A politically loaded word


`Sanctuary' gets tossed around freely, but its meaning changes according to who is using it

National Security

December 14, 2007|By Lisa Anderson | Lisa Anderson,CHICAGO TRIBUNE

NEW YORK -- At a recent GOP presidential debate, "sanctuary city" surfaced as one of the most charged and confusing terms in the political lexicon. Some municipalities proudly flaunt the label. Some Republican presidential candidates gleefully toss it around like a verbal hand grenade. But there is no agreement on a single definition of the term or even on whether such a thing really exists.

While opinion surveys usually rank illegal immigration fifth or sixth overall as an issue of concern in the presidential race, a recent Los Angeles Times/Bloomberg poll found it is a subject sparking deep partisan divisions that are reflected in the often heated rhetoric about "sanctuary cities."

The use of the word sanctuary in the context of immigration is rooted in the 1980s, when some U.S. churches announced that they would offer "sanctuary" to refugees from the civil wars in El Salvador, Guatemala and other Central American countries.

These days, a sanctuary city or other locality generally is considered one that adopts, officially or unofficially, a "don't ask, don't tell" policy toward the immigration status of people when it comes to most municipal benefits and services, such as schools and emergency medical care, or when it involves victims of or witnesses to crimes. The policies generally do not extend to those arrested for criminal offenses or convicted of crimes.

But on the political stage, such policies tend to be regarded as good or bad, with rarely anything in between. Some people view them as a way to provide illegal immigrants with basic services, promote their cooperation with police investigations and spare municipalities from spending resources on federal law enforcement. Others see them as an encouragement to illegal immigrants and a threat to local and national security.

So, when GOP presidential hopeful Mitt Romney accused rival Rudolph W. Giuliani of running a "sanctuary city" during his tenure as mayor of New York he used the term as fierce opponents of illegal immigration often do: pejorative shorthand for being soft on illegal immigrants.

Ditto when Giuliani lobbed the expression back at Romney, saying that the former Massachusetts governor ran a "sanctuary mansion" because the landscaping firm he used for his home was found last year to employ illegal immigrants. Romney, who had given the firm a second chance, fired the company last week when the Boston Globe reported that the landscaper was still using illegal immigrants, some of whom worked at Romney's home.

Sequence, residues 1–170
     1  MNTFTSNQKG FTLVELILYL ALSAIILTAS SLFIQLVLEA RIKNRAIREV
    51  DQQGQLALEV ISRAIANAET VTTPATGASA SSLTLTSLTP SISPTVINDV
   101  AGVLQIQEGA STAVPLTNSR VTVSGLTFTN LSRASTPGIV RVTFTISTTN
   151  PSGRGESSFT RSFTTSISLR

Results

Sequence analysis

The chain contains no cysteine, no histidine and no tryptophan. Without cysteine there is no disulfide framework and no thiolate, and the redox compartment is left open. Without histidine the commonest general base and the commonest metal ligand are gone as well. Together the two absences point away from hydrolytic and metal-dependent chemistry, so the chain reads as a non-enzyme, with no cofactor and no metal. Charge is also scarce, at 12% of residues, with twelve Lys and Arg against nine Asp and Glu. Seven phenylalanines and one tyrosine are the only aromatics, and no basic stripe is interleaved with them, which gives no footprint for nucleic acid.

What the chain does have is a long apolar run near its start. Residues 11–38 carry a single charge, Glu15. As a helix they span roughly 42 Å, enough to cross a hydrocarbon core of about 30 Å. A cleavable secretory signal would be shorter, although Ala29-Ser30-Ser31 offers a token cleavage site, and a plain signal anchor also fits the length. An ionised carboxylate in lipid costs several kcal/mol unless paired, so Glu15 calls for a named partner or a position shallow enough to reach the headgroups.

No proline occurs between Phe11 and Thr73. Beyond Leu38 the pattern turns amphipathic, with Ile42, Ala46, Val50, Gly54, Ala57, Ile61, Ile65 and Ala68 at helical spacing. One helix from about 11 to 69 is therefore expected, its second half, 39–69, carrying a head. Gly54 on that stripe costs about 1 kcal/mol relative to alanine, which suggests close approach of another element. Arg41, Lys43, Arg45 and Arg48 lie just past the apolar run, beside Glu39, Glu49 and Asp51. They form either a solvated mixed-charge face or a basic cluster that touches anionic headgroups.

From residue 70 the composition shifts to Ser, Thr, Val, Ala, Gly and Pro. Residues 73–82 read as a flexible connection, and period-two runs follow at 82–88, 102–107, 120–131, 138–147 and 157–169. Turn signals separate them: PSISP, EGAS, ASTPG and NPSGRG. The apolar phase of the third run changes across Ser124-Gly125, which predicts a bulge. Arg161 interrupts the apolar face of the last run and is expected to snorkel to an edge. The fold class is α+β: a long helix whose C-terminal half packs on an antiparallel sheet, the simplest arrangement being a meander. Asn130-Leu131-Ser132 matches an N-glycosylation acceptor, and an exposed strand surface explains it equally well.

But when New York, Chicago, Houston, Philadelphia and dozens of other localities around the country adopted "sanctuary" policies directing municipal employees to refrain from inquiring about the immigration status of individuals in most cases, unless required to do so by law, court decision or in the case of a criminal arrest, they intended the action to be seen as positive and compassionate. Not to mention cost-effective, since it leaves enforcement of federal immigration laws to federal agents.

Either way, both sides are arguing from a false premise, said David Abraham, a professor of immigration and citizenship law at the University of Miami School of Law.

"There is really no such thing as a sanctuary city," he said. Cities may adopt resolutions and laws prohibiting city workers and police from inquiring about citizenship in relation to city services, but those restrictions essentially already exist in federal law, he said.

Abraham noted "three critical areas where the law is federal but policy must be executed locally." In the 1982 case of Plyler v. Doe, the Supreme Court held that all children, not just citizens, of elementary school age must be provided with free public school education. Under the 1986 Emergency Medical Treatment and Active Labor Act, emergency medical care must be provided to anyone in need, regardless of their ability to pay or their immigration status.

"Thirdly, victims of crime and witnesses to crimes are covered by the mandate that law enforcement officials stop crimes and do their best to solve them," he said. He noted that such police function is an extension of the government's mandate to keep order and of constitutional obligations owed to all "persons," not just citizens, regarding life, liberty or property.

As far as cities adopting sanctuary policies, Abraham said, "They're doing nothing more beyond saying they're going to abide by the law as it exists."

By the same reasoning, critics of cities with such policies actually are criticizing them for obeying the law, he said.

"The sanctuary city accusation is a claim that local government should be doing more to identify and turn over illegal aliens to the feds. Now they are not permitted to do so at the schoolhouse. They are not permitted to do so in the emergency room. And, the police are not interested in stopping in the middle of a crime to ask if the person who is shooting or being shot at is legally present. Law enforcement would grind to a halt."

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